The sheer number of devices in today’s world create a unique challenge in terms of bandwidth. The increase of computers and mobile devices requires a solution that can manage that level of bandwidth efficiently and effectively. Enter software-defined networking.

Software-defined networking (SDN) is one of the most innovative technologies designed for network control and automation. As this technology moves forward, so does the need for standards to manage its potential and ensure security.

Backing up just a bit, SDN, as defined by an article from CIO Review means:

SDN technology is a unique approach to computer networking in which a network administrator can leverage a set of software tools to programmatically initialize, control, change and manage network behavior dynamically utilizing the open interfaces in the network. With an SDN application, network administrators can improve and change the methods in which network devices such as Routers, Switches and other components handle data packets. The application provides complete control of the network policies and rules with a centralized control panel.

The general consensus is that implementing SDN using open standards, or vendor neutral standards, allow those applications to work to seamlessly with and simplify the network design. In addition, the device is “independent on multiple, vendor-specific device and protocols.”

While SDN has immense potential, there are still challenges to overcome to survive in the modern cyber environment. To meet those challenges, a user-driven organization was developed known as the Open Network Foundation. The organization “promotes implementation of SDN through open standards where such standards are important for the networking industry to move ahead.”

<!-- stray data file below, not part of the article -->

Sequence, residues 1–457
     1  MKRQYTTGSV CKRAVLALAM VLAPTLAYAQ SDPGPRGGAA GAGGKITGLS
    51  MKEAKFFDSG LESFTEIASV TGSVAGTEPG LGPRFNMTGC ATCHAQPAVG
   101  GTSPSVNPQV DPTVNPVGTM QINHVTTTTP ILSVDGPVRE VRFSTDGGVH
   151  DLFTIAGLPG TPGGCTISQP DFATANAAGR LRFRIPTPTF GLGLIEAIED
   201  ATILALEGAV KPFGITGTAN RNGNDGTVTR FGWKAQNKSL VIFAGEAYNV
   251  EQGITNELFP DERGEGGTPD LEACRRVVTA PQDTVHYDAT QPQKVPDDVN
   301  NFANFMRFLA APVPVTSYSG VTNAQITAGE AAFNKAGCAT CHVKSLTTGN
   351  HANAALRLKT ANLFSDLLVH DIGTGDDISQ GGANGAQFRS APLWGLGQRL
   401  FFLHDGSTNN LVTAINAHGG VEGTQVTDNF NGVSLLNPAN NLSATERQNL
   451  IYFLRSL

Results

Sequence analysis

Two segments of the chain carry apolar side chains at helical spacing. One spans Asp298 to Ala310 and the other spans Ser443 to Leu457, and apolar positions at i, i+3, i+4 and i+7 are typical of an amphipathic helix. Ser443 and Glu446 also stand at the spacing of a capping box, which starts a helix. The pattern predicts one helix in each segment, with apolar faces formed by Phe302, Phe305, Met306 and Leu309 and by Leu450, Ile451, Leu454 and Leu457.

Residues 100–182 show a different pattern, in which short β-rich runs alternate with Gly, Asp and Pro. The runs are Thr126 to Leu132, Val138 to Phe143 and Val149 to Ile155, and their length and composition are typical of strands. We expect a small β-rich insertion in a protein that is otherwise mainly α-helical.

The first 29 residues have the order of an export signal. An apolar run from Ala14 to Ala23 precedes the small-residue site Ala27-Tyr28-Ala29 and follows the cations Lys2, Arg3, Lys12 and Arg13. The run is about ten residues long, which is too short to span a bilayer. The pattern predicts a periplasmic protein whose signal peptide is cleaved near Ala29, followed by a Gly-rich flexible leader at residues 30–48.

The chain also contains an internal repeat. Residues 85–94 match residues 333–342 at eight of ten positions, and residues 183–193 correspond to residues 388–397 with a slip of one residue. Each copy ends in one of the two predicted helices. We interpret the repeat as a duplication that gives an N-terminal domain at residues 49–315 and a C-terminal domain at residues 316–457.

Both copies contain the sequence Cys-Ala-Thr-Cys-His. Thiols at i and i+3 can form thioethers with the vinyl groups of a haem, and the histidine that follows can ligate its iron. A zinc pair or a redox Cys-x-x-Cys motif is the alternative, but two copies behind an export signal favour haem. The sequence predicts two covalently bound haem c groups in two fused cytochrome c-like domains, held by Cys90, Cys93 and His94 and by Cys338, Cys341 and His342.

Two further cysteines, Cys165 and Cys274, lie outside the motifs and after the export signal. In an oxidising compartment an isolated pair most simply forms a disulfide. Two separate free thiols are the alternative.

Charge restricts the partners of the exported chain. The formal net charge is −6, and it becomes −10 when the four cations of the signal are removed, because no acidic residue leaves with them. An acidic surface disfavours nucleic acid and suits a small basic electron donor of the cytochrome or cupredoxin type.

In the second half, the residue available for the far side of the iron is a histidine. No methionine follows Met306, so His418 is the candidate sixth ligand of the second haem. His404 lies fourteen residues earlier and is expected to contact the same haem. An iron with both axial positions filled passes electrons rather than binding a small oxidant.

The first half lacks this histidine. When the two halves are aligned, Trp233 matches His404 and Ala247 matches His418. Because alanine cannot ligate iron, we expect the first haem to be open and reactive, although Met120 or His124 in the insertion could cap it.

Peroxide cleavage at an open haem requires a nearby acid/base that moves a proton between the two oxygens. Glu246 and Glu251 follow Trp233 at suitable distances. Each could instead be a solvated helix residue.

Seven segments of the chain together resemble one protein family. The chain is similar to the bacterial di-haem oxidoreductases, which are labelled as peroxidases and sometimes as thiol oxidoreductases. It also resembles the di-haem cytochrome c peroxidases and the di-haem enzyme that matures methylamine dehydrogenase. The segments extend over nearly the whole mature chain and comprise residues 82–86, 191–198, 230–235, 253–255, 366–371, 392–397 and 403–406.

One of the major initiatives of the group is to develop “various open standards, as well as vendor-neutral standards, for the communications interface defined between the control and forwarding layers of an SDN architecture.”

As more and more technological innovations develop to help navigate the complex world of the Internet and connected devices, the need for open standards to encourage that development in an appropriate way becomes clearer.

Belief in the necessity of open standards, and the mission of organizations like OpenStand, means a lot to those working daily to raise awareness about the need for open standards. You can advocate for open standards, as well, by joining our growing community of OpenStand Advocates. Also, check out our very own work surrounding 5G standards here.